BY JIM SPENSLEY
At first, I welcomed blogging, but now I am pretty well convinced if life is better, it isn’t due to social media as practiced.
A friend sent a link from Next- door asking about “very loud noises.” By the time I opened the posting, replies had already identified it as military aircraft doing acrobatics. On my neighbor’s post, I wrote, “A busy urban airport is no place for an airshow.” Almost immediately, six people wrote that it was my own fault I was annoyed – for moving near the airport. (60 years ago?) Also, five people thanked me, and were soon told they were wrong.
Misrepresenting sources and facts is commonplace when the topic is airport noise. The original goals of the South Metro Airport Action Council (SMAAC) were to protect the affected population against excessive noise and pollution from commercial aviation operations, particularly the impact of increased air travel using jet aircraft. They worked at it then, and we still do, including the issue of greenhouse gases.
However, commercial aviation operations are comprehensively regulated by the federal government, with little regard for the land uses adjacent to airports. Airport sites are selected, and usually owned and operated, by local governments, primarily to meet planned economic goals. As populations and economies grew, airports more often were managed regionally, by port authorities, counties, or state commissions. Locating airports has no body of law or precedent regarding overflights, as SMAAC discovered in losing its 1970 lawsuit. If noise and pollution are to be limited, the airport sponsor has to negotiate with the FAA. Fearing economic growth limitations, St. Paul (and other cities as they developed) demanded consideration and got it from the state legislature.
Just like most people, I enjoy conversation – it implies responses and a kind of wonder about how differently people view life as it passes by. In a casual conversation, the possibility of disagreement is alerted by a raised eyebrow or a need to move on. But on Nextdoor, there are unfounded disagreements.
Digital editions of published newspapers or magazines retain journalistic standards. Limitedtopic websites are moderated and have rules. There are thousands of websites publishing documents that are useful and get attention. But some sites are simply gossip or used for scams and misinformation.
Nicholas Carr, author of “The Shallows: What the Internet Is Doing to Our Brains,” observed that when we are online “attention splinters, thinking becomes superficial, and memory suffers. We become less reflective and more impulsive. Far from enhancing human intelligence … the internet degrades it.”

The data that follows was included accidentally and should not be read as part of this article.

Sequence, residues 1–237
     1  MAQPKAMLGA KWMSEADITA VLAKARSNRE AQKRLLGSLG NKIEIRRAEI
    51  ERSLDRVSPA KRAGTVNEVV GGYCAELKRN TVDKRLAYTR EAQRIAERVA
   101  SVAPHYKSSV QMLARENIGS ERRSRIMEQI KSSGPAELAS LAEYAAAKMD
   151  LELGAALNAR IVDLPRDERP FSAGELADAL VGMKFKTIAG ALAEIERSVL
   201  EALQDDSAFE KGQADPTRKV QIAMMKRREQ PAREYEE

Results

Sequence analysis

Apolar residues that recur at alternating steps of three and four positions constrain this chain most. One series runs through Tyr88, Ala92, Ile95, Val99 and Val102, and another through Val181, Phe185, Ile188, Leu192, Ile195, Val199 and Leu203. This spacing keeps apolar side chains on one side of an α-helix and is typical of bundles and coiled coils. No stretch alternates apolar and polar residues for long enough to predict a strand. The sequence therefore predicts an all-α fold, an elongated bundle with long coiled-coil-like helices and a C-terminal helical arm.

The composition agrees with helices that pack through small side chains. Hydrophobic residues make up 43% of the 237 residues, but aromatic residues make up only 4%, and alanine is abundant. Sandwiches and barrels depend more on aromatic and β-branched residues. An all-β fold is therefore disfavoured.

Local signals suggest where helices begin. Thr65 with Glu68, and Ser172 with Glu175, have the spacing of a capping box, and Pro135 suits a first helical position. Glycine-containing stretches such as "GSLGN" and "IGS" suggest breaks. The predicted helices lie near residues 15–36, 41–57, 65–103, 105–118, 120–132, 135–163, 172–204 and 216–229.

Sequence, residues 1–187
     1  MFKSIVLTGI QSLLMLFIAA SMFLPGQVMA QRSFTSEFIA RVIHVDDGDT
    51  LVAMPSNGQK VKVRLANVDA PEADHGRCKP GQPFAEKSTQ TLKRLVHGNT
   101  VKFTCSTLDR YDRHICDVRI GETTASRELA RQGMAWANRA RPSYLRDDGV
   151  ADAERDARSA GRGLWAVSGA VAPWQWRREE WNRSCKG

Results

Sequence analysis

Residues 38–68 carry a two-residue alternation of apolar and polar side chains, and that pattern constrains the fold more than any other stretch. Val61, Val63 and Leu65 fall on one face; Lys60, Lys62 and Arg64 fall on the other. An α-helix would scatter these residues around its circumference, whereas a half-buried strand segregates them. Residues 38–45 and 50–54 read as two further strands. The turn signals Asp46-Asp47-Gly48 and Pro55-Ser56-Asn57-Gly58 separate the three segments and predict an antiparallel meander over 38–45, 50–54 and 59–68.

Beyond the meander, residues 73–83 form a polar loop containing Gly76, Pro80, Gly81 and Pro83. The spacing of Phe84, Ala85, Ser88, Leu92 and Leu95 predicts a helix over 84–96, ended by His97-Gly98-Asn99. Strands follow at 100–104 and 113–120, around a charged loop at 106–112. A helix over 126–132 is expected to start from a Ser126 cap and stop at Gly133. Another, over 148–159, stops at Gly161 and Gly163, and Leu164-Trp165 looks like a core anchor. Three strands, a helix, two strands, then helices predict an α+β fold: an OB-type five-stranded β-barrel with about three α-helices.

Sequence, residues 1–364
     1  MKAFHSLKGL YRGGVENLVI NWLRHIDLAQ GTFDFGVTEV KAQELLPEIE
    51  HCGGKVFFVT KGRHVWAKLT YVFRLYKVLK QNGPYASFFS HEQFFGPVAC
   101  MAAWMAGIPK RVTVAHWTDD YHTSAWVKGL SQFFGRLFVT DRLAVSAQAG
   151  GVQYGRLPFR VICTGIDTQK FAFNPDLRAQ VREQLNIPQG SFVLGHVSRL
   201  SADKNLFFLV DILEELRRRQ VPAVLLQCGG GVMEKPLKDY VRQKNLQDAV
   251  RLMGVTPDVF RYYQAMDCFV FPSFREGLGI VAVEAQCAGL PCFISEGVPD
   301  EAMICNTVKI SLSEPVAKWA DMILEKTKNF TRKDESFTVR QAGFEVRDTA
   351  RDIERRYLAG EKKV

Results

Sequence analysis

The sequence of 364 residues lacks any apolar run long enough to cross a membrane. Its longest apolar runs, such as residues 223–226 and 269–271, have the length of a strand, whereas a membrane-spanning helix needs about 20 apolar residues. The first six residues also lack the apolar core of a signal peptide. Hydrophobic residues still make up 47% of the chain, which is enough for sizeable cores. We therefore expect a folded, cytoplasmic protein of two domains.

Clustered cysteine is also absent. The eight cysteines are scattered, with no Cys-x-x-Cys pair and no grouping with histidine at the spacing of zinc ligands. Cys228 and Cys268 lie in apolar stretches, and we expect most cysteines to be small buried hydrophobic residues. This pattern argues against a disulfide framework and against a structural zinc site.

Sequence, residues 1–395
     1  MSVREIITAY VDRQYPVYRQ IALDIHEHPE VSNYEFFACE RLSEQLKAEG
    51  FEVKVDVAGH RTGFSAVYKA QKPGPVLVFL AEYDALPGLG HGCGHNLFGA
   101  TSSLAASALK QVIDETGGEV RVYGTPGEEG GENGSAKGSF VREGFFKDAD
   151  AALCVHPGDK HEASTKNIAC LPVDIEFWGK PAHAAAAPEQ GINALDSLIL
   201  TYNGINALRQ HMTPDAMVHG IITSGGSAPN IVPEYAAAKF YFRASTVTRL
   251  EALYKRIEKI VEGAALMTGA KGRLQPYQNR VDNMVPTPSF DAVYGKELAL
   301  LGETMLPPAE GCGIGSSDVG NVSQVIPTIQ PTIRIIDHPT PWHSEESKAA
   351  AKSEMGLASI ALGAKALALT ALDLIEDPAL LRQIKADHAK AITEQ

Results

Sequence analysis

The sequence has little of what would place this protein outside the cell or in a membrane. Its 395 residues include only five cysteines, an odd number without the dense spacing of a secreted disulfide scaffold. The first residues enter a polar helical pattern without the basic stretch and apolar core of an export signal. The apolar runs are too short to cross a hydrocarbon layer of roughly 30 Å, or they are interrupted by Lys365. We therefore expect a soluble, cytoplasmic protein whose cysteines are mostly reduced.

What has changed at MSP are routes and schedules. Attempts to regulate overflight noise by municipalities through zoning rarely succeeds fully as part of the contract between the FAA and the airport sponsor. Defining the likely harms of aviation noise exposure lacked data and experiments in civilian life before 1960.
As a result of the state legislature’s 1996 intervention, the long-term plan for annual passenger capacity – begun in the 1980s – was presumptive and impractical when construction of the new runway (17-35) was started in 1999. Assumptions and economic forecasts were for sustained growth, but 9/11, the recession of 2008, and COVID-19 interrupted.
Transportation underlies expansion: trails became roads; riverside camps evolved as ports; roads led to fords and bridges, etc. Local population, development, and commerce associated the costs and compatible land use with the airport more than with air traffic. The airlines and the FAA came when invited and dealing with the noise and pollution was, and is, local.
Transportation noise is proportional to energy, therefore to air pollution; transportation poses safety risks as well. Regulating the transportation sector requires, in these and other cases, unusual jurisdictional and enforcement issues. MSP operations are complicated by its role as a major hub. With its unusual runway configuration, if the parallel runways are in use, the new runway is used for either departures or arrivals. This requires “flow changes” that limit daily scheduled use. Schedules are set by FAA for en route timing and runway clearances.
Here, several hundred million dollars had already been spent to sound-insulate buildings before the program fell off the rails in 2000. It remains, as a remnant of little public value, under a settlement agreement that whitewashes disagreements about eligibility, fairness and need. It is well past time for the cities of Eagan, Minneapolis and Richfield to reject the illegitimate intrusion of airlines and other cities through the MSP Noise Oversight Committee.
Jim Spensley is the president of the South Metro Airport Action Council.